As the Celtics trailed the Sixers 61-53 with six minutes remaining in the third quarter, Bird subbed in for Jaylen Brown and was tasked with guarding J.J. Redick, who was in the midst of carrying Philadelphia with his lights out shooting.
After wiping away the Sixers lead and gaining an 86-84 advantage in the fourth quarter, the Celtics still had Bird sticking Redick. The Sixers’ shooting guard — and highest paid player — rose up for another three-point attempt which would’ve given Philadelphia a late lead and a momentum shift at home with a raucous crowd behind them. Only this time, Bird’s hand was in his face and the shot attempt didn’t find the back of the net.
In a big-time moment on the road, for a team facing a potential three-game losing streak to start the season, the unlikely rookie answered the call.
“Like I said before, he’s one of the best shooters in the NBA, really good perimeter scorer,” Bird said of Redick. “For the team to trust me with that responsibility, with us being down on the road needing to get a win, I was hyped up and ready to go. I was ready for the challenge.”
Placing such a responsibility like guarding Redick on a night where it seemed like the Sixers marksman couldn’t miss on a player who was sitting on his couch three nights ago seems like a bold strategy. Head coach Brad Stevens, however, knew what he was doing.
“All the way through preseason and training camp I felt like he was one of our better perimeter defenders,” Stevens said. “I think he has huge upside. His rebounding spoke for itself in preseason practices. His ability to guard off the ball, especially shooters coming off screens is just really good. He’s not afraid, and you knew he’d step up.”
Going from the couch to a red-eye flight from California to Boston, to the bench in Milwaukee, to the court in Philadelphia is nothing short of a whirlwind experience. With such a series of events, it’s hard to be coached into that moment. As a player, sometimes you have to just go out and play.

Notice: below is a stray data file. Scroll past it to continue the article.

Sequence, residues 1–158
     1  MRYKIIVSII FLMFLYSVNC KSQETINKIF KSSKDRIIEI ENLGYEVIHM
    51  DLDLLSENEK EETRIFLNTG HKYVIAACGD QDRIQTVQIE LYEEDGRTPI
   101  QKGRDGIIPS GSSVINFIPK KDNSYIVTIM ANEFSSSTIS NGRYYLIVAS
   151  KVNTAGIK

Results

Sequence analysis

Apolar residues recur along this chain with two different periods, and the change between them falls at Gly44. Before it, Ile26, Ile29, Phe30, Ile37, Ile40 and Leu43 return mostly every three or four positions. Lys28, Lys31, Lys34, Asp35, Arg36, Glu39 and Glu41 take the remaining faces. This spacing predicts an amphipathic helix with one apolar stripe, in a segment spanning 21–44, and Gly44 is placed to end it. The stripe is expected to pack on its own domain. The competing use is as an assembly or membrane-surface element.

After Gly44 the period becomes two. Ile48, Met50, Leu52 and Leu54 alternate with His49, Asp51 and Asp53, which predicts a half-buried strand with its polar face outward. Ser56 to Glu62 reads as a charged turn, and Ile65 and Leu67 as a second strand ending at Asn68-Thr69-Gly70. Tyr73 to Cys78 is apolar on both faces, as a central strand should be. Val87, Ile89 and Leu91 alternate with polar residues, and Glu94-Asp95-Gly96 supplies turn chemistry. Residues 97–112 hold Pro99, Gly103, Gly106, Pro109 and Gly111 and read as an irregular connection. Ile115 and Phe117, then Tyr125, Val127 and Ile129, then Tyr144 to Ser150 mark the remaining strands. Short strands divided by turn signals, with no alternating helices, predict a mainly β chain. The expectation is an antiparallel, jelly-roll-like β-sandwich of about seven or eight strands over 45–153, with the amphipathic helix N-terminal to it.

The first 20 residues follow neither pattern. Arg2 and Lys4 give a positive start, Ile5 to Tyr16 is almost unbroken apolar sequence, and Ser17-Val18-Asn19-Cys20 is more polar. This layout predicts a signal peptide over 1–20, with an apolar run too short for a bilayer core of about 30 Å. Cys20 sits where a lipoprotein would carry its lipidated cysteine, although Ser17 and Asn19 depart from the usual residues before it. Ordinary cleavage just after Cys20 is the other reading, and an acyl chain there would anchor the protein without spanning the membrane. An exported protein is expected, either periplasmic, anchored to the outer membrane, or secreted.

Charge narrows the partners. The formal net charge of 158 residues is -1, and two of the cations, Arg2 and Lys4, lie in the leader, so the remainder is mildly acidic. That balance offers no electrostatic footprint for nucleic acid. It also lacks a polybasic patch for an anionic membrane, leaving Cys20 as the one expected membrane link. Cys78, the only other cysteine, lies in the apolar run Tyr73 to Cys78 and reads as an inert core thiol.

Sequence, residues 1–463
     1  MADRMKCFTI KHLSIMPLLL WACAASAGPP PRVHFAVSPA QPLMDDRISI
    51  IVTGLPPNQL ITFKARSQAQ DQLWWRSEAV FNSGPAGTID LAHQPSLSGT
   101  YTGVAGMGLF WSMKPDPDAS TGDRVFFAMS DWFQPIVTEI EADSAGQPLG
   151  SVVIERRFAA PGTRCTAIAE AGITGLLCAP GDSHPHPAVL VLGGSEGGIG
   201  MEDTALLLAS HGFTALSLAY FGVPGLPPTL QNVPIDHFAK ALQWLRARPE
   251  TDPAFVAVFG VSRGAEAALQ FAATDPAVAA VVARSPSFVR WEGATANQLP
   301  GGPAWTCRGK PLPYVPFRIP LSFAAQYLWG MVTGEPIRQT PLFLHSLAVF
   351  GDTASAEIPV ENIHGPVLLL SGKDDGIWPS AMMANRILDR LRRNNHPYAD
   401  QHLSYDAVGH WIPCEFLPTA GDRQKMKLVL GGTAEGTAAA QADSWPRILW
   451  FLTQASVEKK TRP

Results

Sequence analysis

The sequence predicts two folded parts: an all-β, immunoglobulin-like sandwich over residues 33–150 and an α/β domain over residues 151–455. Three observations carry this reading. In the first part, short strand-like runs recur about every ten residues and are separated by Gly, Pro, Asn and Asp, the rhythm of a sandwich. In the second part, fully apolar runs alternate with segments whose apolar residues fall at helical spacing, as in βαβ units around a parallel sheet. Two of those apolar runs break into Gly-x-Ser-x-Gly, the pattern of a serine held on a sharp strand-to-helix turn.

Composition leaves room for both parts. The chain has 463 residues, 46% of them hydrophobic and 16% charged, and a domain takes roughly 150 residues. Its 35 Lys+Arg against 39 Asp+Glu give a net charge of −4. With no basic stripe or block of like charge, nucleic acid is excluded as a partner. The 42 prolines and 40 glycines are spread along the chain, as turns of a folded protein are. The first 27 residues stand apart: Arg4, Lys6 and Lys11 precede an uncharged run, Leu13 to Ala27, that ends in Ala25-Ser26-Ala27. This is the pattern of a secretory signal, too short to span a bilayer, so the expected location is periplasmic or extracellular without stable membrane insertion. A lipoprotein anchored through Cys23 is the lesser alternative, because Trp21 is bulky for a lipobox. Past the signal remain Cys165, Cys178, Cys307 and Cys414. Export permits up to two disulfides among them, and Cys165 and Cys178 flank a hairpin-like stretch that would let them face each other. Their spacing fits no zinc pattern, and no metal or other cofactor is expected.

“I wasn’t prepared at all for tonight. Mentally I just had to lock into the game,” Bird said. “Coach just looked at me and said ‘Bird get Jaylen.’ ‘Alright.’ So that’s what I did.”
After signing Hayward to $127 million contract this summer, the Celtics were expecting the small forward to provide an elite scoring 1-2 scoring punch with Kyrie Irving. Obviously, at least for this season, Boston will need to move forward without that possibility. An opening night loss, followed by another defeat to Milwaukee the following night, had the Celtics 0-2 heading into Philadelphia and searching for answers a lot sooner than they may have anticipated just a week ago.
Bird’s journey during his first week in professional basketball represents how quickly things can change, and how the ripple effects of injuries and other moves have far outreaching waves.
“I was already packed, I was ready to go to the G-League,” Bird said. “We had training camp coming up. My bags were already packed, I was ready to get out the house. Then I got the call to go to Boston and I was like alright I’m ready to go, just gimmie a flight. And that’s what happened.”
All-star point guard, and Bird’s new teammate, Kyrie Irving doesn’t foresee the rookie leaving the clubhouse anytime soon. With the adversity the Boston Celtics have felt in the first week of the 2017-18 season, Bird’s addition and impact are a prime example of being ready when your number is called, and the culture this team is looking to create.
“Jabari is now probably gonna be on every trip with us,” Irving said. “Guys are gonna be called up and called upon to be ready to play. We just have to have that expectation that when we come into the game we’re gonna be able to play, and we trust one another and have each other’s backs.”
Mavs Guard Devin Harris on Personal Leave from Team
Guard Devin Harris will take an indefinite leave from the Dallas Mavericks after the tragic death of his brother, Bruce.
“I was with him yesterday and just encouraged him that when he’s ready to come on back,” coach Rick Carlisle said. “I don’t know when that will be. He can take as long as he needs.”
Source: Tim MacMahon of ESPN